Sunday, September 17, 2023

Favorite collects. . .

Collects are wonderful prayers for the Divine Service, appointed for each Sunday, feast, and festival, but they could do well as a prayerbook for the faithful.  Indeed, it is not without a little excitement when one of my favorite collects appears on Sunday morning.  One of those prayers of the day that I love is the ancient collect (dating from at least the to the first quarter of the 4th century and the Gregorian Sacramentary) that has come to be appointed for the Third Sunday after Trinity.  I guess I forgot to post this closer to the day when it was prayed in the liturgy but that is no reason not to explore it a bit in depth here and now.

Historically, the collects in the English speaking world have been informed more by the good work of Thomas Cranmer than by any other individual.  Certainly it was the wisdom of the wise when Lutherans were looking to translate the ancient collects from the languages of the continent and chose instead to borrow liberally from Cranmer's work.  That said, the ancient sources of the collects betray the careful craftsmanship of others whose names are not known to us.

O God, the protector of all that trust in thee, without whom nothing is strong, nothing is holy: Increase and multiply upon us thy mercy; that, thou being our ruler and guide, we may so pass through things temporal, that we finally lose not the things eternal. Grant this, O heavenly Father, for Jesus Christ's sake our Lord. Amen.

"Finally" was Cranmer's perhaps less literal way to accentuate the strong division between "temporal" and "eternal".  

The collect now prays:

O God, the protector of all who trust in You, without whom nothing is strong and nothing is holy, multiply Your mercy on us that, with You as our ruler and guide, we may so pass through things temporal that we lose not the things eternal; through Jesus Christ, our Lord, who lives and reigns with You and the Holy Spirit, one God, now and forever.
Its more modern Roman source in Latin:
Protector in te sperantium, Deus, sine quo nihil est validum, nihil sanctum, multiplica super nos misericordiam tuam, ut, te rectore, te duce, sic bonis transeuntibus nunc utamur, ut iam possimus inhaerere mansuris.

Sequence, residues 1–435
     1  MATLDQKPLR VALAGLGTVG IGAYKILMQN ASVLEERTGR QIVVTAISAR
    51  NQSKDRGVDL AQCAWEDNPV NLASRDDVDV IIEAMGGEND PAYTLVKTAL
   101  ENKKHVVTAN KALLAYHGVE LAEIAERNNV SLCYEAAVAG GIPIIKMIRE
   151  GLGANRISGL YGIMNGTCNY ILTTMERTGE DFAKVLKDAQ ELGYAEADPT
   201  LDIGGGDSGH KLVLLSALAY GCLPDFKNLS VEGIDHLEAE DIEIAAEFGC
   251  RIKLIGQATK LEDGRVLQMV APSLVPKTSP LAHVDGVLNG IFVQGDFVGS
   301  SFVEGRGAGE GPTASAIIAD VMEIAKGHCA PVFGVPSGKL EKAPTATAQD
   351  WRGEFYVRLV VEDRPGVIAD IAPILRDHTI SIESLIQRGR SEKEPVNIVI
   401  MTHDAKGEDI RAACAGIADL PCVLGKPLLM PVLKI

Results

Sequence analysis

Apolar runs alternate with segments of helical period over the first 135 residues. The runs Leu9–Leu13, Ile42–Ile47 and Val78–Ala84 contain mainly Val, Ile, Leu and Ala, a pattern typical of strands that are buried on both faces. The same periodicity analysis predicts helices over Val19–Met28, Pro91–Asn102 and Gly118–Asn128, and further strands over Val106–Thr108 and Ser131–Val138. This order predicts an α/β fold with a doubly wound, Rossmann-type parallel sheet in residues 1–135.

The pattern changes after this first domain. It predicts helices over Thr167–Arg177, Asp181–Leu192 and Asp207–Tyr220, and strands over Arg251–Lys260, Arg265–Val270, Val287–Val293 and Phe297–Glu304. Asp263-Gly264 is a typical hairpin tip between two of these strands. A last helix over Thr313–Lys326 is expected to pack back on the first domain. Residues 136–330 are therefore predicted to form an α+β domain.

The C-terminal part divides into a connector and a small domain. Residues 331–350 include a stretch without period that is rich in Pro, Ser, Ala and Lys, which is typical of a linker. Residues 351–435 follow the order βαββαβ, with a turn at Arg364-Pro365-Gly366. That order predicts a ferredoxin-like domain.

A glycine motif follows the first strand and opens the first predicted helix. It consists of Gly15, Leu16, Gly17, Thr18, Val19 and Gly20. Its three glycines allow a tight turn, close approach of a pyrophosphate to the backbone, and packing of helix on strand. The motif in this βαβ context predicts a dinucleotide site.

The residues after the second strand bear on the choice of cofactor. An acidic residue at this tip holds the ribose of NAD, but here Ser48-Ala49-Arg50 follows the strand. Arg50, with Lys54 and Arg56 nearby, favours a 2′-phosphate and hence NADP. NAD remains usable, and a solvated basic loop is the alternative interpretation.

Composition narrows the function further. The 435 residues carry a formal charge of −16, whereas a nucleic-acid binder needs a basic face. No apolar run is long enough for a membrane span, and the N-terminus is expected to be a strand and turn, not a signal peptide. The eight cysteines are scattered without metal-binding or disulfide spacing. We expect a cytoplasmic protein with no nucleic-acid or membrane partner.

There is a bit of a confused history here because earlier missals also include a phrase while later Roman missals seem to have excluded it.  We have preserved in translation the earlier version that does indeed keep the poignant phrase:

sic transeamus per bona temporalia, ut non amittamus aeterna.
A somewhat literal translation though less elegant would pray:

O God, guardian of those hoping in You, without whom nothing is efficacious, nothing holy, multiply your mercy upon us, so that, you being our helmsman, our commander, [our guide and our guide with different aspects to that word guide] we may so make use of things that pass away as to be able to cleave to those that will endure.

The prayer has phrasing and focus that remind you of 2 Cor 4:13-18.  It has been used in various places in the Church Year.  In the Gregorian Sacramentary it was used for fourth Sunday after Pentecost. The Sarum Missal.  The initial phrase is the same as in a collect in the Gelasian sacramentary and the Gallican Bobbio missal.  It will be used in the Lutheran Service Book lectionary for the Proper 24 in Series A, so we have something to look forward to -- and I am already excited and looking forward to October 22.


1 comment:

Wurmbrand said...

I'm glad for the omission of "finally" in that Collect because it leaves open a nice ambiguity. Without "finally" it can mean both that we pass our days in Faith, in such a way that we avoid ultimate loss of heaven, not swindled out of the Lord's promises by succumbing to worldly seductions; but it also allows us to "pass through" things temporal so as not to lose things eternal, in the sense that we see the temporal things, the things perceived by our senses, as tokens of eternal things that we otherwise might neglect to take note of. Kingo's "Like the Golden Sun Ascending" comes to mind. The properly trained Christian imagination finds much to edify it.